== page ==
I think this is one of those buildings, like Park Hill Flats that you either love or hate. This may not be the most attractive of buildings, but personally i’m glad it’s still here as much of the old Sheffield is disappearing. In the 1980s and 90s, the Roxy was the biggest club in Sheffield. I remember as a kid seeing the glowing red sign on the side of the building. I’ve not been able to find a lot of history on the building itself, but at one time it was owned by a guy called Barry Noble, who advertised the club with the catchphrase “is that alright fyuzs”. Noble owned other amusement arcades and nightclubs, including the Astoria in Nottingham. He allegedly died in 1985, but there seems to be some ambiguity surrounding his death. The Roxy attracted performers such as Kyle Minogue, Jason Donovan and New Order, who played there in 1987. It was also the location of the TV show, Hitman and Her from 1988 until 1992. The Roxy remained a club until 1998-1999 (I can’t find the exact date). Later in it’s life, the building was home to St. Thomas’ Anglican Church before it became the Carling Academy in 2008, and then the O2 Academy when Telefónica Europe became the new sponsor of all Academy venues.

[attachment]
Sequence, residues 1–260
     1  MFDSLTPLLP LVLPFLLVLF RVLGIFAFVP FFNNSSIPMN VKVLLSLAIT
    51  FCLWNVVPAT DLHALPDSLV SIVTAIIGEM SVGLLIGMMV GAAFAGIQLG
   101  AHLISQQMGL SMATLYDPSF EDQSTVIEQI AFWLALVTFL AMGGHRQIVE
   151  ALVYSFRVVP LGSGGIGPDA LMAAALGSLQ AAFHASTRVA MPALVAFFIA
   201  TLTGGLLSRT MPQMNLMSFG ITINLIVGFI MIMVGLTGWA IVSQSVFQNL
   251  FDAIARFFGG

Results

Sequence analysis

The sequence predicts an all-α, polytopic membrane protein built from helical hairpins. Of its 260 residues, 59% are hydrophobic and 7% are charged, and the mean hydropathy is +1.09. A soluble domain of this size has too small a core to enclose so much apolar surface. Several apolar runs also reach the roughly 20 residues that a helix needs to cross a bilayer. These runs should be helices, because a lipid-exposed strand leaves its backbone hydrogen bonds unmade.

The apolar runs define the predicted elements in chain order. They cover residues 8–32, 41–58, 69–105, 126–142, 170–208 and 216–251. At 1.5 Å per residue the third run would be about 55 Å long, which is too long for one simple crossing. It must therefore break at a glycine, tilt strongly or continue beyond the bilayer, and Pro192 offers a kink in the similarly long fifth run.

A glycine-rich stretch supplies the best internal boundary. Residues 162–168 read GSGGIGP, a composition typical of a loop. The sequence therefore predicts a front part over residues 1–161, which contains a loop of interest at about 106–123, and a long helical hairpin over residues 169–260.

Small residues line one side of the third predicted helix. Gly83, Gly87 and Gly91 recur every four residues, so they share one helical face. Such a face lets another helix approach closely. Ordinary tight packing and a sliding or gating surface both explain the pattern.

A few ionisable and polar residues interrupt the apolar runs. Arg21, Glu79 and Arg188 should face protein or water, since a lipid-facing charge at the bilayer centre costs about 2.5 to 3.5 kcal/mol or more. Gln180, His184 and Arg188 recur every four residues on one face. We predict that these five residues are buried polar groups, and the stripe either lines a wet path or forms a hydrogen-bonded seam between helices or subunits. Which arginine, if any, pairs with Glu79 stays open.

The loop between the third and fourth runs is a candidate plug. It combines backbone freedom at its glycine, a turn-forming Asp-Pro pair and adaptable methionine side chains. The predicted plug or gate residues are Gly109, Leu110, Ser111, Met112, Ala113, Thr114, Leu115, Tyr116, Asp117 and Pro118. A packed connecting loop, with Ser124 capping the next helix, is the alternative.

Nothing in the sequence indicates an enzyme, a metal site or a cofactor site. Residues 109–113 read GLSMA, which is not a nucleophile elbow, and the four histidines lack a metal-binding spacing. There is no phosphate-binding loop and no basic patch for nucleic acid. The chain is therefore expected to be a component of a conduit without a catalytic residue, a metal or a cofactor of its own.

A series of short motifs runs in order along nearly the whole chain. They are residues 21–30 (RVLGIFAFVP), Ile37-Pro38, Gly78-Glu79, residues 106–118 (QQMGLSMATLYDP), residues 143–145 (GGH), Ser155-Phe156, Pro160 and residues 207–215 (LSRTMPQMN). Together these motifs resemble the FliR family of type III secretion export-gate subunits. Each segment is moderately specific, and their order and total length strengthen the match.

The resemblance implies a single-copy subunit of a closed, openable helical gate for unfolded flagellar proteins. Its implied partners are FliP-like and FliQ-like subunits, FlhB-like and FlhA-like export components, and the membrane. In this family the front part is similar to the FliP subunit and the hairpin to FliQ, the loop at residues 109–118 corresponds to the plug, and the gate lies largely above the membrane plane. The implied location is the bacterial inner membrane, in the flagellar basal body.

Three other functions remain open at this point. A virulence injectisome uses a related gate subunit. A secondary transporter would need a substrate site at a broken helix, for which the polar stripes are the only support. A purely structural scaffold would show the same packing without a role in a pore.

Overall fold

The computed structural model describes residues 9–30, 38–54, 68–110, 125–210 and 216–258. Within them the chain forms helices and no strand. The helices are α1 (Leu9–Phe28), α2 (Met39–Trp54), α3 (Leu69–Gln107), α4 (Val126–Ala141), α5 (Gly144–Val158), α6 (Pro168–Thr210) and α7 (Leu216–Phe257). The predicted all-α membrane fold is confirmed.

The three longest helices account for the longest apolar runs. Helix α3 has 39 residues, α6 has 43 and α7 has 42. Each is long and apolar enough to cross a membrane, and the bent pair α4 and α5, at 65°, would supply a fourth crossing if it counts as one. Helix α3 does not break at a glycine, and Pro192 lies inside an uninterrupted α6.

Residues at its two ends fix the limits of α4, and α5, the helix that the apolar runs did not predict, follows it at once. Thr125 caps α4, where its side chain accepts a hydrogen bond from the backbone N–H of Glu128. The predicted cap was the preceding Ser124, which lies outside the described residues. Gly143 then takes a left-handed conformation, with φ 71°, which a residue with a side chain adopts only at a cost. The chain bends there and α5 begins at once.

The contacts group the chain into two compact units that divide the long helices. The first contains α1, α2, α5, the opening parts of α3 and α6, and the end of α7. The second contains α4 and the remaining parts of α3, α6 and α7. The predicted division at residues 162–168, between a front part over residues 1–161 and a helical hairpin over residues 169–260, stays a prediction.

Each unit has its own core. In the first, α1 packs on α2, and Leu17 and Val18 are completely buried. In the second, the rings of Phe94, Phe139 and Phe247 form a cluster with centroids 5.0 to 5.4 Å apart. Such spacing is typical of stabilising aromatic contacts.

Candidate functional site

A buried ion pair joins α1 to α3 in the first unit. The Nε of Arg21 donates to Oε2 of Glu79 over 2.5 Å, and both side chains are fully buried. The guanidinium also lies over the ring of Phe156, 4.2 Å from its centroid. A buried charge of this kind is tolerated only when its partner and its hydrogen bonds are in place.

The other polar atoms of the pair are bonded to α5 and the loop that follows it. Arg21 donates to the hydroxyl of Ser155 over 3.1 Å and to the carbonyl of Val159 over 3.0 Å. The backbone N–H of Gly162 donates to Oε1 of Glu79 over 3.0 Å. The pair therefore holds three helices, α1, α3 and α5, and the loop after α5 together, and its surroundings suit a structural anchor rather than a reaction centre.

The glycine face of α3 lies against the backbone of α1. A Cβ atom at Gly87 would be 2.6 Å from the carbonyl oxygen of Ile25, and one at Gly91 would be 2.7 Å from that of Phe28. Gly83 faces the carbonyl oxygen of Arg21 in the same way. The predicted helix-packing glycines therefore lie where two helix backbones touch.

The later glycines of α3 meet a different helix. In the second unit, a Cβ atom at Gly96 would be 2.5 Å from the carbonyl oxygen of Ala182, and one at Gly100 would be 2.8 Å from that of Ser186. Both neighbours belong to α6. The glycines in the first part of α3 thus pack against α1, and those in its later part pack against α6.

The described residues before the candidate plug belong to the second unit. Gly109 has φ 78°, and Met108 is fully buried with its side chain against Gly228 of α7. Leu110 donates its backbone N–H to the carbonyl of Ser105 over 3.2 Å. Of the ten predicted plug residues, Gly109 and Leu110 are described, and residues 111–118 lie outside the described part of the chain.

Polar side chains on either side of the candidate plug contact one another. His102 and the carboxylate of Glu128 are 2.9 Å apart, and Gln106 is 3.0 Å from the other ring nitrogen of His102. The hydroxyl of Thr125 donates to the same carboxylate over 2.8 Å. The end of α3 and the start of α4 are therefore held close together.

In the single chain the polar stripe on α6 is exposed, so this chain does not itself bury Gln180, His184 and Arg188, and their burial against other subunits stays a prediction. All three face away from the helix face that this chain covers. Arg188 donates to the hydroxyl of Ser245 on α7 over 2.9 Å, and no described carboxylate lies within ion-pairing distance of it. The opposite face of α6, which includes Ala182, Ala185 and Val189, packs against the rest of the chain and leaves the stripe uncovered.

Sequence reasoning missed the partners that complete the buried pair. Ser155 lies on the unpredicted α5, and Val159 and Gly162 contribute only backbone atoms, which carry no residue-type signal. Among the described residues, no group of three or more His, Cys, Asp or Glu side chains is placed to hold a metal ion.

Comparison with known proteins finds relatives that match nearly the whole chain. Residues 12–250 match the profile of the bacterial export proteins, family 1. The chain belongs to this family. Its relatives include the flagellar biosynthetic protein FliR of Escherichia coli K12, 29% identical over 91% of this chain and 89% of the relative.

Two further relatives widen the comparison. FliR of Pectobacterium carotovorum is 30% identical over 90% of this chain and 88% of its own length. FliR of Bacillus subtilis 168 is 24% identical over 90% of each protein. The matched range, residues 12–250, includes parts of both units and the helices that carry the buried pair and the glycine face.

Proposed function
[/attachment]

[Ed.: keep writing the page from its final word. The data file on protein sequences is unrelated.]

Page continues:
James Montgomery was born in Scotland in 1771, but moved to Sheffield in 1792. He made his name as a poet and achieved some fame with The Wanderer of Switzerland, which he wrote in 1806. He died aged 82 in 1854. I have to admit, I had never heard of him until I took this photograph. If you want more information on James, you can find it by clicking here.